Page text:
Political Islam has become the most important ideology in the Middle East and North Africa (MENA) and has experienced major transformations over the last several years. This especially applies to Sunni Islamism, which gained power through elections in Tunisia, Egypt, and Libya after the overthrow of the respective authoritarian regimes in 2011. In Egypt, Mohamed Morsi, a candidate from the Muslim Brotherhood, even became the president of the state; however, his government failed within a year, a setback for Sunni Islamism in the MENA region. However, political Islam has not lost importance since then but has changed its shape and experienced massive fragmentation processes. Today, Islamist political actors are engaged in very different contexts, ranging from government participation (Tunisia, Turkey) to harsh repression (Egypt, United Arab Emirates, Saudi Arabia) and civil war (Syria, Libya, Yemen).
At the same time, various camps have been using political Islam to legitimise their actions: authoritarian regimes such as Iran and Saudi Arabia to maintain their power; opposition movements such as the Muslim Brotherhood, Hizbullah, and Hamas to justify their ideology and their domestic approach; and Salafist and jihadist groups to promotetheir worldviews at the regional and global levels. The Islamic State (IS) has gained particular prominence for its extremely violent actions against civilians, which it has conducted to expand and secure territorial control in Iraq and Syria. Yet, as the sharp conflict between Turkey’s incumbent Justice and Development Party (AKP) and the Gülenists demonstrates, Islamist fratricide and the political dynamics at play are equally important.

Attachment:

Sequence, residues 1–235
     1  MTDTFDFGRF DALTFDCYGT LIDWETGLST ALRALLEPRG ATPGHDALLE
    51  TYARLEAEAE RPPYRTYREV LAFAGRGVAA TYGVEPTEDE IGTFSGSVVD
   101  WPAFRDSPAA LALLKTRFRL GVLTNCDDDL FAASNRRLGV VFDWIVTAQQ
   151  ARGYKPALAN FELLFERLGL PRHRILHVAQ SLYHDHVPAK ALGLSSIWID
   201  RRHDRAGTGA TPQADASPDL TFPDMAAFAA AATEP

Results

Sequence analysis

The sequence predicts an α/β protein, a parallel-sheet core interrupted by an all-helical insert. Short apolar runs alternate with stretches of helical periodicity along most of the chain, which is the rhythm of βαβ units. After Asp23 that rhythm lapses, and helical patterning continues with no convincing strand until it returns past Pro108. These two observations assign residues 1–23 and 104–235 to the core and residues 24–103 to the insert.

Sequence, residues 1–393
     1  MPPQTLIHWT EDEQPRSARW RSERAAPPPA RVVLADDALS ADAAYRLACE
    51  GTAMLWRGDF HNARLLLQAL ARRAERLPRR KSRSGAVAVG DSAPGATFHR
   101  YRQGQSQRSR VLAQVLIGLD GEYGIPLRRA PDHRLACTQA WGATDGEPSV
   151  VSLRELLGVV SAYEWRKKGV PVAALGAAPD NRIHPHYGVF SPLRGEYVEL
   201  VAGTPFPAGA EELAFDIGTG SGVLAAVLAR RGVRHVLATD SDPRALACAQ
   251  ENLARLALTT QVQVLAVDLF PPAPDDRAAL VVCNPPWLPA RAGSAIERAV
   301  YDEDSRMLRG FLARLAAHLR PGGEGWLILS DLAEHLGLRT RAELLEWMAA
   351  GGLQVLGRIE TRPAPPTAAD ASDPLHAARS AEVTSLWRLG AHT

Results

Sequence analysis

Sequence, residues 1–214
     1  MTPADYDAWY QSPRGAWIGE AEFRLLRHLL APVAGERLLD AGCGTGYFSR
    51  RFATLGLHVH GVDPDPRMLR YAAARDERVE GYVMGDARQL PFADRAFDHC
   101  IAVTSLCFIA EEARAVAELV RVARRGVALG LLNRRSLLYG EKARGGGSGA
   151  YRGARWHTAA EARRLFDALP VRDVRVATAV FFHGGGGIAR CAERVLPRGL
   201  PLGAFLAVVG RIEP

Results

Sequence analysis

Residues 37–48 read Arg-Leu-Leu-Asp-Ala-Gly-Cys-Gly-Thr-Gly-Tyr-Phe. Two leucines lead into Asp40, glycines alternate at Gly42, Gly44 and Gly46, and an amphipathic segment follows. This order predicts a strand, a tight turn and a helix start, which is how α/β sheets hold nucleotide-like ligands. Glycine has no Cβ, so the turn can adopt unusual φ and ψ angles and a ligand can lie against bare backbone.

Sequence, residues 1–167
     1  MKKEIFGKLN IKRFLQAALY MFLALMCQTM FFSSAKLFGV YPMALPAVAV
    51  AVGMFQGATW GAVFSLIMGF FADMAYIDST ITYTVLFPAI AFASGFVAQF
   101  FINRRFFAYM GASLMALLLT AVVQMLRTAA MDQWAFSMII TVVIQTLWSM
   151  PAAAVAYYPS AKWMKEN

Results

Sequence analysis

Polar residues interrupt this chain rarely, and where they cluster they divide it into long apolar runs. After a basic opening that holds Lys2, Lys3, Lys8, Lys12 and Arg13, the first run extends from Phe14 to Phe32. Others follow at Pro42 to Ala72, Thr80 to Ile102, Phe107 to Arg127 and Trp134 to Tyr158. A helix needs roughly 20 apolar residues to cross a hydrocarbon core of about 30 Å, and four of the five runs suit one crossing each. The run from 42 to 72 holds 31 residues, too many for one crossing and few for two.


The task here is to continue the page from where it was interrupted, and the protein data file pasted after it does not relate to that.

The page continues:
The GIGA has been studying the following questions for years. Its experts have contributed significantly to the understanding of Islamism in the Middle East and North Africa.
- How do Islamist actors act on the political stage and within civil society, and what means do they adopt to reach their intended publics?
- What worldviews do they present in their programmatic writings, and how do these differ from the positions held by official Islamic authorities and bodies that are commonly affiliated with local regimes?
- In what contexts do Islamists legitimate or reject violence? How do their ideas affect society?
- How are the various Islamist groups linked to each other in transnational networks, and how do they cooperate or compete with secular actors and amongst themselves?